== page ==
South Atlantic Water Science Center

Chattahoochee River BacteriAlert: Medlock Bridge Site

Medlock Bridge site description:

Go to real-time info for this station (opens a new window). Real-time USGS river flow and stage (river height) for this site.

Sampling location:

The Medlock Bridge site is the northernmost site in this project, where bacteria samples are being collected by the National Park Service. The sampling site is USGS station 02335000, Chattahoochee River at Norcross, which is at Medlock Bridge Road, a large four-lane divided highway. The left picture shows. The right picture shows the surrounding area on the other side of the bridge.

The USGS monitoring equipment on the downstream side of the bridgeThe surrounding area on the other side of the bridge

Use of the river

Use of the Chattahoochee River at the Medlock Bridge site is less intense than at the Paces Ferry site. Fishing is one popular activity, and boaters (left picture) are often seen. The lack of shoals and trails at Medlock Bridge mean that people don't visit the site as much as at other locations along the river. But, just a little ways downstream is the National Park Service's Jone's Bridge Unit, which is very heavily used by picnickers, waders, hikers, and dog-walkers.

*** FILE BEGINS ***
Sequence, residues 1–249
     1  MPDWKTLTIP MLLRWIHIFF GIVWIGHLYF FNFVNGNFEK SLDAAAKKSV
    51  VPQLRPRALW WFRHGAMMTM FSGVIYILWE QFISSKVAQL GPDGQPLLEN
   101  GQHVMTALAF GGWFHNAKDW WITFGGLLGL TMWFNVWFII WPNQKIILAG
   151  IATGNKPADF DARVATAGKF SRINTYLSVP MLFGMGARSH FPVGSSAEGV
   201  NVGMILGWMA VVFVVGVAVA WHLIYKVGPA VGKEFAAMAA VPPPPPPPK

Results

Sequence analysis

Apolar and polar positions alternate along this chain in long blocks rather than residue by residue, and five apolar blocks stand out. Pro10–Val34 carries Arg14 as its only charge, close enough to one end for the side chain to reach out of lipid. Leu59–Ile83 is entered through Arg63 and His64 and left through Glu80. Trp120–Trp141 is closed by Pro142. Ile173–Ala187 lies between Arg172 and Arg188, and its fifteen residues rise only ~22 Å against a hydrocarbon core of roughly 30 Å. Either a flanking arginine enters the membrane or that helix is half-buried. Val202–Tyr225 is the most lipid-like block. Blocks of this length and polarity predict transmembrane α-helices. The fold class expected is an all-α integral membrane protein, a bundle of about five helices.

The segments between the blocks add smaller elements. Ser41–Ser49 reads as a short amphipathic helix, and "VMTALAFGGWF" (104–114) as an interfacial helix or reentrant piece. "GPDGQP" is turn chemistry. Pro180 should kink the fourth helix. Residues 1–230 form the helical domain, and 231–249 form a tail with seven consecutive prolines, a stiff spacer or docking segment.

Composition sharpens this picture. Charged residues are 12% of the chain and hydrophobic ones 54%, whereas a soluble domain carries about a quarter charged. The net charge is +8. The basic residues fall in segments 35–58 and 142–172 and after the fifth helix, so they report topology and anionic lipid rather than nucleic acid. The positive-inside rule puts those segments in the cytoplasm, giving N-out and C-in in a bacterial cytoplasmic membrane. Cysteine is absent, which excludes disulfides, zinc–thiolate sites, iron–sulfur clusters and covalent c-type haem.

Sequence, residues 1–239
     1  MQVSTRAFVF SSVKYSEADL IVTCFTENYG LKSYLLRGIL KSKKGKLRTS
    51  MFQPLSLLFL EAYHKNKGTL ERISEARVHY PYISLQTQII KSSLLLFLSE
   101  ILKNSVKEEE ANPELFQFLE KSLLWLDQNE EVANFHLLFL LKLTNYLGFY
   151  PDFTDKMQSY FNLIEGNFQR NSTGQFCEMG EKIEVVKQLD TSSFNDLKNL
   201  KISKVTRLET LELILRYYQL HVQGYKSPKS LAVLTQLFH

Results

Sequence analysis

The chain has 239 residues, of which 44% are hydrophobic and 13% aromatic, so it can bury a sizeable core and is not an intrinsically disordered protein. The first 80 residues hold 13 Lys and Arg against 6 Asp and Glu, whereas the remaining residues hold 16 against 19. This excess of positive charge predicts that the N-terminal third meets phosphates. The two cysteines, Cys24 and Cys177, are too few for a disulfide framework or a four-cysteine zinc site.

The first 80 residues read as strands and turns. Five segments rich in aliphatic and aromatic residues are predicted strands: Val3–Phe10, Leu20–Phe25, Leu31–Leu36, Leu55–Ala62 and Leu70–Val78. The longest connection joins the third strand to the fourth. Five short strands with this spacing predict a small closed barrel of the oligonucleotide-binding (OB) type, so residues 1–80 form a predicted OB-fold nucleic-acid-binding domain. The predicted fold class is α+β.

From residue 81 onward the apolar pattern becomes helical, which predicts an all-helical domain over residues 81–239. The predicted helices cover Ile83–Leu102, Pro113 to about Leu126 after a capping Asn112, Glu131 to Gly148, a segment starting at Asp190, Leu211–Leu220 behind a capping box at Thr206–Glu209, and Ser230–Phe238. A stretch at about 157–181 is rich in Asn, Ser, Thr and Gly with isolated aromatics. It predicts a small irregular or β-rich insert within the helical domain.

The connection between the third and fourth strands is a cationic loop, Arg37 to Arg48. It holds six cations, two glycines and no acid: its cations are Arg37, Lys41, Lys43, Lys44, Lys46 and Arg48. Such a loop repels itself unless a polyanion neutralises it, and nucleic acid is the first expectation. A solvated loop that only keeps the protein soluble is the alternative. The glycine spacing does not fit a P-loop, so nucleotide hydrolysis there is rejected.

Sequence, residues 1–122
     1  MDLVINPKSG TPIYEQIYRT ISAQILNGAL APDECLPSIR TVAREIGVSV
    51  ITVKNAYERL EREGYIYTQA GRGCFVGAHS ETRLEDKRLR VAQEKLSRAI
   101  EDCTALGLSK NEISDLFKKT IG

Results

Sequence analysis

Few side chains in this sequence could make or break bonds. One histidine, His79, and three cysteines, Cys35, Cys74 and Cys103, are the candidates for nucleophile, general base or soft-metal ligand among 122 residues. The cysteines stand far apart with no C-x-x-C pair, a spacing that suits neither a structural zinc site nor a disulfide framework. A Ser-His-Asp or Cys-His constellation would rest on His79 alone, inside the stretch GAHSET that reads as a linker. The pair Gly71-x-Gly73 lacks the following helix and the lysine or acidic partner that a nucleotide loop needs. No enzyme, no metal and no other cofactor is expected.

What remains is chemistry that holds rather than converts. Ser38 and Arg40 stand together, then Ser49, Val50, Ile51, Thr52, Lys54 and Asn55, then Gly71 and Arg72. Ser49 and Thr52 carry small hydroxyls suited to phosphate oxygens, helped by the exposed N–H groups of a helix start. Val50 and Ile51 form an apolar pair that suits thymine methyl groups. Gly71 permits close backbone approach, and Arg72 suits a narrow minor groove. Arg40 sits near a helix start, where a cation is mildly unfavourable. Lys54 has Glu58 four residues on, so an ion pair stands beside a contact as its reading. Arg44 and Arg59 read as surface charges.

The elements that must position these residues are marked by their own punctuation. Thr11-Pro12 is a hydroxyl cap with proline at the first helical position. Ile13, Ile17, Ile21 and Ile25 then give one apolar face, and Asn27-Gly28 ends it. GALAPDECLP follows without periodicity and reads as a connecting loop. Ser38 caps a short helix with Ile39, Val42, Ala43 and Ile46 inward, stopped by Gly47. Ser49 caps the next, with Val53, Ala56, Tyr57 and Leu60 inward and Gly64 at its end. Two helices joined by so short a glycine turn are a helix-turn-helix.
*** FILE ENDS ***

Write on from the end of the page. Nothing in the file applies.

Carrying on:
Fishing is one popular activity, and boaters are often seenBirds and other wildlife frequent this site.

Surrounding area

The immediate area consists of suburban residential and large highways, such as Hwy 141, shown in the left picture. There is a lot of growth occuring along the highway, and much of the land will see commercial and office developments occur in the coming years. Since the immediate area does not consist of public parks and land reserves, such as at the National Park Service units further downstream, more of the land consists of nonpermeable cover, such as roads, parking lots, and houses.

The right picture shows a storm sewer outfall pipe, which is located next to the bridge on the upstream side. Although storm water off of the adjacent land mainly runs into the river along the banks, the sewer is a point-source location for direct runoff for debris, oils, and other matter from Hwy 141. Runoff from roads is a concern, as it can detrimentally affect water quality, which is a special concern for a highly-used river such as the Chattahoochee.

The immediate area consists of suburban residential and large highways, such as Hwy 141.a storm sewer outfall pipe, which is located next to the bridge on the upstream side

Find out about the Paces Ferry sampling site